IATSE and administration’s AMPTP have agreed to push again subsequent week’s scheduled resumption of bargaining for a brand new movie and TV contract till mid-August to permit time for the producers and Hollywood’s unions to work out a brand new settlement on modifications to the trade’s Covid-19 return-to-work protocols.
Bargaining for a brand new IATSE contract, which broke off on June 11 after 4 weeks of talks, had been set to renew Tuesday however have now been tentatively rescheduled for August 17. The union’s present contract expires on July 31, so any deal that comes after that may be retroactive to that date.
Film & TV Industry’s Return-To-Work Protocols Extended Indefinitely
The trade’s return-to-work protocols had been set to expire on June 30, however have been prolonged indefinitely on Wednesday after the Alliance of Motion Picture and Television Producers and Hollywood’s manufacturing unions – IATSE, SAG-AFTRA, the DGA, the Teamsters and the Basic Crafts – agreed that they wanted extra time “to negotiate Covid-19 safety agreement modifications.”
The return-to-work protocols have been established in September in an settlement between the unions and Alliance of Motion Picture & Television Producers. In a joint assertion this week, labor and administration stated that the “current agreement will remain in effect” till a brand new settlement is reached.
Rather than attempting to have interaction concurrently in its personal negotiations for a brand new contract and in multi-union talks for modifications to the return-to-work protocols, IATSE determined to postpone the contract talks till after an settlement has been reached on any new Covid-19 guidelines.
“As you know, we are continuing conversations on the return-to-work agreement,” IATSE native leaders instructed their members at this time by way of e-mail. “Our purpose is to maintain the most secure working situations and make sure the well-being of our members and their households. With the rising unfold of the Covid Delta variant, affecting even those that are totally vaccinated, we’re holding agency with our return-to-work situations and we don’t wish to compromise on our positions. The IATSE, DGA, SAG-AFTRA, Teamsters, and the Basic Crafts can be resuming return-to-work negotiations subsequent week.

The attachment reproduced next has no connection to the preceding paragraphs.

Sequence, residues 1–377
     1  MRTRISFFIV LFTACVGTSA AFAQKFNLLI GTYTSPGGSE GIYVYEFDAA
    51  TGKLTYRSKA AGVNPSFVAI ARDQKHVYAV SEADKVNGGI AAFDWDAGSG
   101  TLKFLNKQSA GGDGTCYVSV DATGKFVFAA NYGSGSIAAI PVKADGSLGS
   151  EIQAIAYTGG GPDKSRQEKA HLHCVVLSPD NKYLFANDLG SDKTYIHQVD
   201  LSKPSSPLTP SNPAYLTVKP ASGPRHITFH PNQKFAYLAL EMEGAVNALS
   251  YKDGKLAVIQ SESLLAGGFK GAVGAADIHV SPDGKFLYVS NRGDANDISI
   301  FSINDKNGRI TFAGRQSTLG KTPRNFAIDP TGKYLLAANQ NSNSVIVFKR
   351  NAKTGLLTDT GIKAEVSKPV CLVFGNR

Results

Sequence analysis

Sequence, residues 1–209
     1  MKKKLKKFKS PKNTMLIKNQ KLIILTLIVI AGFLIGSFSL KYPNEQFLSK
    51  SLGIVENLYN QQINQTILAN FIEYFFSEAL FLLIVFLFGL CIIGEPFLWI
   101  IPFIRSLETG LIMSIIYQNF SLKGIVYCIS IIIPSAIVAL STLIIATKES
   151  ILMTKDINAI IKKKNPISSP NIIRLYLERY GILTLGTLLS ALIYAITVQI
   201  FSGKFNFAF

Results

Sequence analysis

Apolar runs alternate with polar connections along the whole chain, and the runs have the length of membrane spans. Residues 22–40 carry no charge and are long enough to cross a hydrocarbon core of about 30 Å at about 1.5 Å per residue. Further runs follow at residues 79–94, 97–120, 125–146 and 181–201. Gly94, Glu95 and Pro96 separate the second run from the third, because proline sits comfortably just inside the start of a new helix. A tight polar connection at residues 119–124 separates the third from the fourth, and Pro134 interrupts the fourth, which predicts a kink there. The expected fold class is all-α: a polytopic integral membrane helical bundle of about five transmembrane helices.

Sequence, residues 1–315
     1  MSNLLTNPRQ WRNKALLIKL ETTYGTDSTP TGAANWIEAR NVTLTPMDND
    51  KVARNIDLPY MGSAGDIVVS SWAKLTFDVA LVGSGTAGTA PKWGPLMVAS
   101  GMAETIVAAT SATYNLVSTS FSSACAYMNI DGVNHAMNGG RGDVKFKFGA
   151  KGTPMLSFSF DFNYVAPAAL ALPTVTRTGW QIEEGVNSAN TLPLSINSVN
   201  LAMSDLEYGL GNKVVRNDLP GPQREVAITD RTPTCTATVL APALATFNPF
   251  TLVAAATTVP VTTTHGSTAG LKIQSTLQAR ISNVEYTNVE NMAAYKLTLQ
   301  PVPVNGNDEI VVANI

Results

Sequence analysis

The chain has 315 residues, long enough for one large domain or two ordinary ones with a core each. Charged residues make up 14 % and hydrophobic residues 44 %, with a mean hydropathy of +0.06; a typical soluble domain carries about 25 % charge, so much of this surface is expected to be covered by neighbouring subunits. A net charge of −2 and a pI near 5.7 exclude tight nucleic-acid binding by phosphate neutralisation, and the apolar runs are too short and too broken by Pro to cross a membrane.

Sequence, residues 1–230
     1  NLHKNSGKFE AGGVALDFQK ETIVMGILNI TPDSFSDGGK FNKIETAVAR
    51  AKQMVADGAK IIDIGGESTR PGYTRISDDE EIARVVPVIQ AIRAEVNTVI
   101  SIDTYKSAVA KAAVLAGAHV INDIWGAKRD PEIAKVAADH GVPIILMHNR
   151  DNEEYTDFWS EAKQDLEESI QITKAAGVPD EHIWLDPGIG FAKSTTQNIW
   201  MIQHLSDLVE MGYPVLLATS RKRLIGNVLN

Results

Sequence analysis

“As a result, Basic Agreement negotiations will be postponed from next week until August,” they added. “Since we will be extended beyond the contract, we will be negotiating retroactive pay when we ratify; including retroactive benefits. All will be covered under a workable time frame for the extension. We have tentatively agreed to resume negotiations on August 17. In the meantime, we want to encourage you to keep yourself informed and engaged. We will update you as we continue to get more information.”
Leaders of the Cinematographers Guild, IATSE Local 600, despatched an identical message to their members:
“Due to the fast must conclude negotiations for an additional extension of the Return to Work (RTW) Protocols, the IATSE and the AMPTP have mutually agreed to increase the Basic Agreement and resume negotiations in August, somewhat than on July 6 as deliberate. The particular phrases of the extension of the Basic settlement are being labored out as we converse. We have tentatively agreed to renew bargaining on Tuesday, August 17.